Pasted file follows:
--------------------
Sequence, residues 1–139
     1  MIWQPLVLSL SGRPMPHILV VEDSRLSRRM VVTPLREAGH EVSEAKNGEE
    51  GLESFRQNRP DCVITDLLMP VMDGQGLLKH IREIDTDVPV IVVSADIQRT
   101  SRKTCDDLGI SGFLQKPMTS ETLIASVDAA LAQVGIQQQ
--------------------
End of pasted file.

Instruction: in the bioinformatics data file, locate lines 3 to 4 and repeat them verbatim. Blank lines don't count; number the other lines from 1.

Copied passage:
    51  GLESFRQNRP DCVITDLLMP VMDGQGLLKH IREIDTDVPV IVVSADIQRT
   101  SRKTCDDLGI SGFLQKPMTS ETLIASVDAA LAQVGIQQQ